- 2.6. Clinicians may prescribe topical analgesics (such as commercially available nonsteroidal anti-inflammatory drugs; local anesthetics; or compounded creams/gels containing baclofen, amitriptyline, and ketamine) for the management of chronic pain.
- 2.7. Corticosteroids are not recommended for long-term use in cancer survivors solely to relieve chronic pain.
- 2.8. Clinicians should assess the risks of adverse effects of pharmacologic therapies, including nonopioids, adjuvant analgesics, and other agents used for pain management.
- 2.9. Clinicians may follow specific state regulations that allow access to medical cannabis or cannabinoids for patients with chronic pain after a consideration of the potential benefits and risks of the available formulations.
(Qualifying statement: Currently, 23 states and the District of Columbia allow for medical cannabis, although it is illegal on the federal level. There is insufficient evidence to recommend medical cannabis for the first-line management of chronic pain in cancer survivors. However, evidence suggests it is worthy of consideration as an adjuvant analgesic or in the management of refractory pain conditions. There is also insufficient evidence to recommend one particular preparation of cannabis over another, and the U.S. Food and Drug Administration has not approved any drug product containing or derived from botanical marijuana.)
- 2.10. Clinicians may prescribe a trial of opioids in carefully selected patients with chronic pain who do not respond to more conservative management and who continue to experience pain-related distress or functional impairment. Nonopioid analgesics and/or adjuvants can be added as clinically necessary.
- 2.11. Clinicians should assess the risks of adverse effects of opioids used for pain management.
(Qualifying statement: Although there is literature describing dysimmune effects and tumor-proliferative effects from opioid drugs (both of which may be of particular concern in the cancer survivor population), there is insufficient evidence to determine whether there are clinically important risks. The expert panel believes that further clinical investigation is required to assess these concerns. Physicians should be made aware of these evolving questions, and patients and their families may be informed about them as part of a discussion of the potential harms of long-term opioid therapy.)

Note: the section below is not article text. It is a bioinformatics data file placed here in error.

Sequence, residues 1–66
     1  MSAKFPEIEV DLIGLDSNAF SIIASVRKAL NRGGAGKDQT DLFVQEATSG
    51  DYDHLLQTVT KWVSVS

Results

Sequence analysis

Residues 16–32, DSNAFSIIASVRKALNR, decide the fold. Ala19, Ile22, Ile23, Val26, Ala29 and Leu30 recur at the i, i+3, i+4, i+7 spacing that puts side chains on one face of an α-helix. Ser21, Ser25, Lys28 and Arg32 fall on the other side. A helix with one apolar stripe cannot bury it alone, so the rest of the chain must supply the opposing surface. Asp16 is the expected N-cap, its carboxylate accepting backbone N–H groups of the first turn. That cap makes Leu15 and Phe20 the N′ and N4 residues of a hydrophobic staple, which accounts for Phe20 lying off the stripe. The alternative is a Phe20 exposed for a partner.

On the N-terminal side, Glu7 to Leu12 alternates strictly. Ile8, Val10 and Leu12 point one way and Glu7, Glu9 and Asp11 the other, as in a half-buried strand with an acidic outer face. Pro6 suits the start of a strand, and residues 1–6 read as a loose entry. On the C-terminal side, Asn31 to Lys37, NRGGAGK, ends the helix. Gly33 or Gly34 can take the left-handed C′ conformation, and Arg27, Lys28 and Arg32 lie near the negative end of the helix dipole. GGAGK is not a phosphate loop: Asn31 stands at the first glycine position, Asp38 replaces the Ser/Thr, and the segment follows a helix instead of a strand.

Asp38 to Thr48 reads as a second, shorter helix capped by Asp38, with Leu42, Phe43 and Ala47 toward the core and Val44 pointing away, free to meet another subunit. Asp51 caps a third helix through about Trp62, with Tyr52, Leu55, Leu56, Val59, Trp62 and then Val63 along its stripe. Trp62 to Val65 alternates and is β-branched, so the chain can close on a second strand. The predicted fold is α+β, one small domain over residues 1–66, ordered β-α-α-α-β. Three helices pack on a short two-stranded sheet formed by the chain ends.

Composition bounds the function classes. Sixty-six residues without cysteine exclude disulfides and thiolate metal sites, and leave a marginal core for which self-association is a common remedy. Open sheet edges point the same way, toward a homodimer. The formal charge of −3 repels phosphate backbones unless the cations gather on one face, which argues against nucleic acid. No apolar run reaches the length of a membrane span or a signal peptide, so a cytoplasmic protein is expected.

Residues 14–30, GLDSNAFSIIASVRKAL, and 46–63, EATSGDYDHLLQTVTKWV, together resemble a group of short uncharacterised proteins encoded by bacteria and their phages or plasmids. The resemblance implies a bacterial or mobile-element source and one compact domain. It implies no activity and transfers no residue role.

Risk Assessment, Mitigation, and Universal Precautions With Opioid Use
- 3.1. Assess the potential risks and benefits when initiating treatment that will incorporate long-term use of opioids.
- 3.2. Clearly understand terminology such as tolerance, dependence, abuse, and addiction as it relates to the use of opioids for pain control.
- 3.3. Incorporate a universal precautions approach to minimize abuse, addiction, and adverse consequences of opioid use such as opioid-related deaths. Clinicians should be cautious in co-prescribing other centrally acting drugs, particularly benzodiazepines.
- 3.4. Understand pertinent laws and regulations regarding the prescribing of controlled substances.
- 3.5. Educate patients and family members regarding the risks and benefits of long-term opioid therapy and the safe storage, use, and disposal of controlled substances. Clinicians are encouraged to address possible myths/misconceptions about medication use and should educate patients about the need to be cautious when using alcohol or sedating over-the-counter medications or in receiving centrally acting medications from other physicians.
- 3.6. If opioids are no longer warranted, clinicians should taper the dose to avoid abstinence syndrome. The rate of tapering and the use of co-therapies to reduce adverse effects should be individualized for each patient. ■
Disclosure: For full disclosures of the study authors, visit www.jco.ascopubs.org.
1. Paice JA, Portenoy R, Lacchetti C, et al: Management of chronic pain in survivors of adult cancers: American Society of Clinical Oncology clinical practice guideline. J Clin Oncol. 34:3325-3345, 2016.
This summary of well-informed and thoroughly documented management strategies for pain in adult cancer survivors is sorely needed in health care, because multiple coalescing factors place cancer pain survivors at significant risk for poor pain control.
— Rajiv Shah, MD,...